the traveller sings in his heart:
I return from Syria
neither as living
nor as dead
but as a scudding cloud
that lightens the butterfly’s burden
upon my uprooted soul’
Syria is burning. Where once it was a refuge for the exile poet who composed the verse above, it is today at the tragic epicentre of ructions whose aftershocks rumble far beyond its borders. Reactions in contemporary digital media have taken varied forms, and might tell us something of the potentials and the pitfalls which lie before developers who feel a responsibility to use their art in the cause of humanity.
At the antipodes of taste and good judgement lie the responses of the Parisian Institut du Monde Arabe (IMA) and of Russian indie developers Cats Who Play. The former has used the Steam platform to freely distribute a virtual reality art installation created by Ubisoft as part of the 2018 exhibition Cités Millénaires as Age-Old Cities VR. Donning their Vive, Oculus, or Index goggles, the ‘player’ finds themselves transported to life-size reproductions of Middle Eastern locations of exceptional cultural and archaeological significance. Two are in Syria: the ancient temple of Canaanite sky-god Baalshamin at Palmyra (Tadmur) and the endless warrens of Aleppo’s great souq. The former was vandalised by the so-called Islamic State in 2015, while the latter has suffered terribly from the depredations of the civil war. Meanwhile, the Russian indie RTS entitled Syrian Warfare advertises its ‘high degree of realism’ and features unlockable Achievements including ‘Instant Karma’, ‘Death Road’, and ‘Payback’.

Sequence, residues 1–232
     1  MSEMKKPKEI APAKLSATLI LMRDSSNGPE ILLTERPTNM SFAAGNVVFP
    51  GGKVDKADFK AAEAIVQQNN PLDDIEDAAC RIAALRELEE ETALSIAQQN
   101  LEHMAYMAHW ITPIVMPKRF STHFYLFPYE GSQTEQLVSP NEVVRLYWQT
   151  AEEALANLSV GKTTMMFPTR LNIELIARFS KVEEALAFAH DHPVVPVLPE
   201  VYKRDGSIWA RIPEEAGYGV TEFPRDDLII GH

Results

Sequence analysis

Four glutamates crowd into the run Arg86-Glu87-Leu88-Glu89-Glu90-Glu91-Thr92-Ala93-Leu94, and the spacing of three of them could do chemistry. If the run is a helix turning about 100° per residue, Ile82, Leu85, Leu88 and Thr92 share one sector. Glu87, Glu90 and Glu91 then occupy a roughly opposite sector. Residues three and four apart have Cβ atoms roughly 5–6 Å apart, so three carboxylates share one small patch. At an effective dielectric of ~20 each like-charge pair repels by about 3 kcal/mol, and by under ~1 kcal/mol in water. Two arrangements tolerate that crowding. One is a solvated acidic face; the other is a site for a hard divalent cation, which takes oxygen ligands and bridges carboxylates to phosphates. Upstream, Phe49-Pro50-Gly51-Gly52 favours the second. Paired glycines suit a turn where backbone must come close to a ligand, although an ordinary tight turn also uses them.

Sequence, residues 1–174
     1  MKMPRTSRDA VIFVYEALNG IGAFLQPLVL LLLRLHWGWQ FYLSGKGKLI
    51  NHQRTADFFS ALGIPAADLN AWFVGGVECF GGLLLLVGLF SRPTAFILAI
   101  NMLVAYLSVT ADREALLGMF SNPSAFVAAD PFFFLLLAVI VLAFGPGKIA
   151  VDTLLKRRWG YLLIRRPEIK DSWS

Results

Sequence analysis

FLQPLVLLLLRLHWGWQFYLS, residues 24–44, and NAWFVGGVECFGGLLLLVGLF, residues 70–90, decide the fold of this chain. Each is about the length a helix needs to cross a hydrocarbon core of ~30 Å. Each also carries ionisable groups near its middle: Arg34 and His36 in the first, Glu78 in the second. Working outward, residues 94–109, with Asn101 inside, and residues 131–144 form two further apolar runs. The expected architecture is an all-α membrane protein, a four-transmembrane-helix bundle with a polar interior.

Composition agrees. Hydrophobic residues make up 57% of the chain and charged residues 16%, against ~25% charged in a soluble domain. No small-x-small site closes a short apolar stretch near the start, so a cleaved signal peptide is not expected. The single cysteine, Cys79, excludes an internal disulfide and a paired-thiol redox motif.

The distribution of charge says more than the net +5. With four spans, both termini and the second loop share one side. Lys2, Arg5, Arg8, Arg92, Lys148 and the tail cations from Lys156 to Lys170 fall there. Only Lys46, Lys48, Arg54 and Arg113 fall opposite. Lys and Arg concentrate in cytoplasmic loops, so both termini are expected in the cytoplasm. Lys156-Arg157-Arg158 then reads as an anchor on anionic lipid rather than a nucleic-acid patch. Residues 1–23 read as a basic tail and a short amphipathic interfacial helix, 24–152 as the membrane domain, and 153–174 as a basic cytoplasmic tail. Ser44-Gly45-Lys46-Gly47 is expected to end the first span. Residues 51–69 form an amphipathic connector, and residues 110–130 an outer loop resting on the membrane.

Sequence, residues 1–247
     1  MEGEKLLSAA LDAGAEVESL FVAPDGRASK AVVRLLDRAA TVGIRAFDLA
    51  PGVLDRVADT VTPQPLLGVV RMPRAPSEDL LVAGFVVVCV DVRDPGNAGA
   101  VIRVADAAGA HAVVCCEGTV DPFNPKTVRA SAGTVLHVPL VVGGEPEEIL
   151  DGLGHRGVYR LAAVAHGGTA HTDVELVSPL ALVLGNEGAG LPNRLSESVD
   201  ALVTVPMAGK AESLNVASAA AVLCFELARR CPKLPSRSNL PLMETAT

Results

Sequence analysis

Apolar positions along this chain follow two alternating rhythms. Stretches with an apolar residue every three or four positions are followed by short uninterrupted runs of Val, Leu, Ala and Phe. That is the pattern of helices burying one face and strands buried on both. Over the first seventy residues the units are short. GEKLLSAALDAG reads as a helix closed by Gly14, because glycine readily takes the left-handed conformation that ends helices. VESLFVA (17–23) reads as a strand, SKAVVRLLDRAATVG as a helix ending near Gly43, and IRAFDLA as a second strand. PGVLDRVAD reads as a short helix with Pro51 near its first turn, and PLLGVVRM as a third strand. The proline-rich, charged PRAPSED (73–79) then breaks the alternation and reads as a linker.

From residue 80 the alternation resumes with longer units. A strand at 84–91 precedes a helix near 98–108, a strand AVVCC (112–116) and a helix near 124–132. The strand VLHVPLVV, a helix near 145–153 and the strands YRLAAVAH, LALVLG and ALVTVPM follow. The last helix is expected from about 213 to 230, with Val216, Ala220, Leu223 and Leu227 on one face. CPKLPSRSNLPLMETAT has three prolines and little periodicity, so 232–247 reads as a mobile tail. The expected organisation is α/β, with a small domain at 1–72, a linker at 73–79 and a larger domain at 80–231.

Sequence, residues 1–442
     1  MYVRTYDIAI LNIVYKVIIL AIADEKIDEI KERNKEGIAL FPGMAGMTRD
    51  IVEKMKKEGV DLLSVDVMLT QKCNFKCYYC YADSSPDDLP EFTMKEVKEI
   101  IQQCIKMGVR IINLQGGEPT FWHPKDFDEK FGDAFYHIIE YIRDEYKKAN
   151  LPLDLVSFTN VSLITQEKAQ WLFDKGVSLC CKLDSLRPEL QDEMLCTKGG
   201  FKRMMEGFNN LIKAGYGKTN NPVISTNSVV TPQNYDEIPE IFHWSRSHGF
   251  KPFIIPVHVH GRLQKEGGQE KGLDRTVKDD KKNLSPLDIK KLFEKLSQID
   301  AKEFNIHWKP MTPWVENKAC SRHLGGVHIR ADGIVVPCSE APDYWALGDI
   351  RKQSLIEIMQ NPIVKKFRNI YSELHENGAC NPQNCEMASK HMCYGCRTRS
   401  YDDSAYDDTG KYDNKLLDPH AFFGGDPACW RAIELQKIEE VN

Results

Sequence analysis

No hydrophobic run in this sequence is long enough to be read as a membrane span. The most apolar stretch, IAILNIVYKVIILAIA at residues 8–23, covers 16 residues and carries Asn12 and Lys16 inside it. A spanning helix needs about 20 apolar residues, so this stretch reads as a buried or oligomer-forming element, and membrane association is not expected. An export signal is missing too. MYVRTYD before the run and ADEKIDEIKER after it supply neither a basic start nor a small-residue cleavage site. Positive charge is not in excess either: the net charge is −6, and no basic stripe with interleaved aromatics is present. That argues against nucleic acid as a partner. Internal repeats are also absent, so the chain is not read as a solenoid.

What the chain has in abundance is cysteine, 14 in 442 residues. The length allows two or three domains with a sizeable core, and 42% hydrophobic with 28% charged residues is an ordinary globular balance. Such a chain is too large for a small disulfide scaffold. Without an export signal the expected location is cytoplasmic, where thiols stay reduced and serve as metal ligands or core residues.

“Donning their Vive, Oculus, or Index goggles, the ‘player’ finds themselves transported to life-size reproductions of Middle Eastern locations of exceptional cultural and archaeological significance.”
Both products wear their engagement on their sleeves. Both present themselves as informing the player about the real world, about real events and real places. About Syria. They do not simply take unreflective part in a political fantasy, as do the endless examples of unthinkingly Americentric, chauvinistic, and militaristic tropes in other games. They seek actively to change minds. To educate, to inform, and to influence for the better. They appeal to cosmopolitan virtues of solidarity and global citizenship. Consume us, they promise, and you can better understand Syria. Consume us, and make the world a better place. Whether this promise is credible or not, both experiences do share an aspiration to informing global consciousness.
Both also share a marked absence. They are hauntingly empty of plausibly human beings. The IMA’s architectural installation encourages respect, reverence, and protection of some of the crown jewels of Mediterranean civilisation. Shuttered shopfronts hint at the life that once thrummed through them, but are now as still as the crumbling Byzantine facades of the Dead Cities that dot ancient Aleppo’s grassy hinterland. Age-old edifices are left to speak, however eloquently, for themselves. Syrian Warfare, meanwhile, ventriloquises its miniscule combatants only to issue polemical pretexts for gameplay violence. Wicked White Helmets gleefully fake atrocities, colluding with lying Western journalists to smear the noble state. The protagonist dismisses his family in the prologue with a curt ‘Quiet, woman! Do as I say!’, and they are never heard from again. ‘What kind of Arab would I be if I didn’t have a RPG buried in my yard!’ remarks another of its crudely racialised caricatures. What kind, indeed. Both digital responses to the Syrian crisis – so utterly different in sophistication, tenor, and intent – dehumanise their subjects in precisely the way the melancholy poet does not.